Are you smarter than a bacterium?

Bio-sociology Professor Imanishi, from Kyoto University, has shown that the Darwinian vision of nature as a struggle for life has been completely blind to the many more frequent cases of co-evolution, symbiosis, joint development, and harmonious coexistence which prevail in all domains of evolution. Even our own bodies would not be able to survive long without the symbiotic collaboration of quadrillions of microorganisms in our digestive tract, for example.

Elisabet Sahtouris points out that predominantly competitive behavior is a characteristic of a young species during its first forays in the world. In contrast, in mature systems like an old-growth forest, the competition for light, for instance, is balanced by intense cooperation among species. Species that do not learn to cooperate with the other species with whom they are co-dependent on invariably disappear.

I’m going to begin this post with a little propaganda, lifted directly from the military industrial banking government hydra that is currently feasting upon humankind and its own future:

  • “Nature is red in tooth and claw.”
  • “Might is right.”
  • “The survival of the fittest.”

That all makes sense, right? Darwinism at its finest? It’s what we see, every day, in the natural world, so what kind of madman could possibly question the idea that violence and life are inextricably linked?

Well, how about this quote, then:

“There can be no doubt that the tribe including many members who are always ready to give aid to each other, and to sacrifice themselves for the common good, would be victorious over other tribes. And this would be natural selection.”

What damned hippy wrote that, eh? In fact, that was Darwin towards the end of his life, writing in his final book, “The Descent of Man.” Which brings me to the wonderful work of Elisabet Sahtouris, a modern day evolutionary biologist. In her work, she notes that competition is a characteristic only of juvenile species, and among mature species, co-operation is the norm.

Life on Earth, a primer. Bacteria were the first lifeforms on this planet (they’re still the predominant lifeform, by biomass, despite being invisible to the naked eye), and in their immature stage, the fight or flight reflex characterised their existence. Rampant competion being what it is, they soon enough caused themselves a global catastrophe, by having eaten everything available in their environment. Rather than continuing upon a mode of existence which was proven not to work in the long run, bacteria innovated; they created photosynthetic cells, and life once more continued happily for a few million years. They then managed to cause themselves another global catastrophe, in that they were poisoning their biosphere with their waste products (does this sound familiar?), namely oxygen. At this point, innovation struck again, and the development of multi-cellular creatures arose, capable of using that oxygen productively via mitochondria. Essentially they learned to form huge co-operatives to deal with the problems that they had caused and you, dear reader, are a recipient of that gift; it is estimated that there are upwards of a quadrillion bacteria living in each individual human’s gut, without which we wouldn’t be able to digest our food, nor defend ourselves against disease (current research suggests that 85% of our immune system relies on bacteria).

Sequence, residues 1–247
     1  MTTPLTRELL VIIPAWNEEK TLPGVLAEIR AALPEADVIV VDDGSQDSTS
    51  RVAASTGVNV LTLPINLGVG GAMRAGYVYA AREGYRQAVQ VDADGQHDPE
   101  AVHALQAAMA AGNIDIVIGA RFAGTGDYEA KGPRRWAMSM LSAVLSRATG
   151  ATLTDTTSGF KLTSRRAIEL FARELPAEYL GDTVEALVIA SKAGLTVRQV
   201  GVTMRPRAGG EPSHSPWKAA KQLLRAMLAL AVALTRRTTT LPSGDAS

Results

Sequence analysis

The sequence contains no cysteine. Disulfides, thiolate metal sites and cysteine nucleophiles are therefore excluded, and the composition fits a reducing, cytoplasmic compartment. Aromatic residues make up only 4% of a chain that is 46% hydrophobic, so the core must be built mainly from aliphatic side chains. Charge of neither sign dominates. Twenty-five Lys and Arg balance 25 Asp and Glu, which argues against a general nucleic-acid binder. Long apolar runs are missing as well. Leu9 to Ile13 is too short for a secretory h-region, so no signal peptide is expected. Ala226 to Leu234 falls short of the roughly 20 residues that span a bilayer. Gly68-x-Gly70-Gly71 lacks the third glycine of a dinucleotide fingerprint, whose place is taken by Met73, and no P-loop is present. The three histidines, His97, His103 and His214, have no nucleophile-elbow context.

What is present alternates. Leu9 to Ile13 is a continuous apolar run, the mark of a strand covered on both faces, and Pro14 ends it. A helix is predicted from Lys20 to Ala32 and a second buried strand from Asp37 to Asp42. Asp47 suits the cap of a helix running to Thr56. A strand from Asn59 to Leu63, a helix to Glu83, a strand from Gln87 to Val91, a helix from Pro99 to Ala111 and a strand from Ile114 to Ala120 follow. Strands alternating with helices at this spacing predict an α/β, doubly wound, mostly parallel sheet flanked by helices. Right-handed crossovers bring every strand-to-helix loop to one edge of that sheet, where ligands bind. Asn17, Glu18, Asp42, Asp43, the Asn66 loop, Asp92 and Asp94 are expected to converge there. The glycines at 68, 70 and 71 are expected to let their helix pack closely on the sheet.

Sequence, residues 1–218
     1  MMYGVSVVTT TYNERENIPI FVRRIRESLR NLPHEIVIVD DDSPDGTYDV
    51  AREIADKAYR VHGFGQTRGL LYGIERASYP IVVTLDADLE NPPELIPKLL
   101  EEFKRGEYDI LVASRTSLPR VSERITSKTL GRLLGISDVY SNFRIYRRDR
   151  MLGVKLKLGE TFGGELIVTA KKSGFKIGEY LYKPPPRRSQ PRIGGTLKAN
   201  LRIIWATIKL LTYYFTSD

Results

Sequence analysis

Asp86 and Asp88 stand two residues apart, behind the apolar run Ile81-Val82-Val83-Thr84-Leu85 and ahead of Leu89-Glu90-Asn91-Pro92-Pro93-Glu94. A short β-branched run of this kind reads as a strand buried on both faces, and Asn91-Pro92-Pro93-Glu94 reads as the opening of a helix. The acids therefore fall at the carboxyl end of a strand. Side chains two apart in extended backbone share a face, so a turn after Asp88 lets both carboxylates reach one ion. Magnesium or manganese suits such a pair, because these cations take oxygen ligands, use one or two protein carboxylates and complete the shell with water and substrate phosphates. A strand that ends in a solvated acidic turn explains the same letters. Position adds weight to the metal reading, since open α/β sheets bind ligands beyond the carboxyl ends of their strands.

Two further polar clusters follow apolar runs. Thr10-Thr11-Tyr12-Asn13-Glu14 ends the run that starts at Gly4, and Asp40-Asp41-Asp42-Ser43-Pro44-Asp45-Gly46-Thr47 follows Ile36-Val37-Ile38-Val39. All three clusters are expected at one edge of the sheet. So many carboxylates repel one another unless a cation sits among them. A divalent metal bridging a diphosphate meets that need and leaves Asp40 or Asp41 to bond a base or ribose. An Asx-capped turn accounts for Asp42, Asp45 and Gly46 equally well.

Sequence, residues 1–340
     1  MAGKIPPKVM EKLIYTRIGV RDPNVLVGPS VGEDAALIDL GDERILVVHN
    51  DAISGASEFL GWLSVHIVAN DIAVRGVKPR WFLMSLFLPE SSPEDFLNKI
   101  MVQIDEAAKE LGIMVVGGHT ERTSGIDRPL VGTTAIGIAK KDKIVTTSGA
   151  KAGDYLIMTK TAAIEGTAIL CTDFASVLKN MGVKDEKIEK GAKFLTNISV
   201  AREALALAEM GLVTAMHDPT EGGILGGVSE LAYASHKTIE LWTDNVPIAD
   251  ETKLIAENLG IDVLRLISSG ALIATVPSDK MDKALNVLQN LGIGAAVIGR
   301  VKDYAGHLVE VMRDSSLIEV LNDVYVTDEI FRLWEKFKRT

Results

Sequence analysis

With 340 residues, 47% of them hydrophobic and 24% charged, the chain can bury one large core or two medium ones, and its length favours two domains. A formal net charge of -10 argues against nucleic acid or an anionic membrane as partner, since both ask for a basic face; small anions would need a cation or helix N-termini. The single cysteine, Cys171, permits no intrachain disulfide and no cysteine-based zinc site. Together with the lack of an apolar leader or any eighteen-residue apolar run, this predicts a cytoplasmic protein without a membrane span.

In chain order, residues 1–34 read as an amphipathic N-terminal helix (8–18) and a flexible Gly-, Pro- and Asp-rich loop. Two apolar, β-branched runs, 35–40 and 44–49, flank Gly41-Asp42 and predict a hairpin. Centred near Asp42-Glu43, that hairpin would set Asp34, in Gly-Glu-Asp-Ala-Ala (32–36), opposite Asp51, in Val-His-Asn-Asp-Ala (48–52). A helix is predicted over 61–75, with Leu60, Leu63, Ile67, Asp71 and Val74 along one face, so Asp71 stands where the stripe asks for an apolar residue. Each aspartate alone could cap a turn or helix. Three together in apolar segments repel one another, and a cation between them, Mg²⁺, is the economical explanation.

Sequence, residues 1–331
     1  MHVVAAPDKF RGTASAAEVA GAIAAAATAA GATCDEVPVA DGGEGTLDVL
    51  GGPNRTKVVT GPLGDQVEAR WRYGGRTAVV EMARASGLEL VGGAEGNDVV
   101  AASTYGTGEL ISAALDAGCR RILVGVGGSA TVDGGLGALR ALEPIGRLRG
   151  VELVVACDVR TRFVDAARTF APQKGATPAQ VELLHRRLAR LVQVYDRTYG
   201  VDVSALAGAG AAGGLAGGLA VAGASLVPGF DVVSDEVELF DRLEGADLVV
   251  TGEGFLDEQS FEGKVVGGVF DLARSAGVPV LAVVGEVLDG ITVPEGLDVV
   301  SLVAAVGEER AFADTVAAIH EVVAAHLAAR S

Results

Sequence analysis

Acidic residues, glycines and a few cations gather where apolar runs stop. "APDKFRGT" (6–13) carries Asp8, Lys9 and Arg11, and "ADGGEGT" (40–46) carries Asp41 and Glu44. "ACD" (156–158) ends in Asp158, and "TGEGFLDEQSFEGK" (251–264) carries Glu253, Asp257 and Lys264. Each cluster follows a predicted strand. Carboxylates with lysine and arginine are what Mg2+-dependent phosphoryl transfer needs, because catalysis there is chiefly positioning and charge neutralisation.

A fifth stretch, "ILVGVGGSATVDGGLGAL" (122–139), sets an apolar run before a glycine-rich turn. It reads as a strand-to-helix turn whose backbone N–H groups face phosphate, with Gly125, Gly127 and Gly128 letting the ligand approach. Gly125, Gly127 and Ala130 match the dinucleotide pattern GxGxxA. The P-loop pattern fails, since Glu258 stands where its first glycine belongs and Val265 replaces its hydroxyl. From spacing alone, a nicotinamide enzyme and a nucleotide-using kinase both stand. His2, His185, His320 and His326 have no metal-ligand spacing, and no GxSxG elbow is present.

So I ask you, are we collectively as smart as bacteria? Can we learn the same lesson, that while competition and rampant expansion might be a reasonable solution in a world where growth hasn’t yet outstripped its ecosystem’s ability to sustain it, in the long run, if we want to continue to exist, we have to learn to co-operate with one another, to form community (‘Community’ derives from the two Latin roots: cum, meaning together, among each other, and munus, meaning the gift, the sharing of the gift of life together) and share, rather than fight?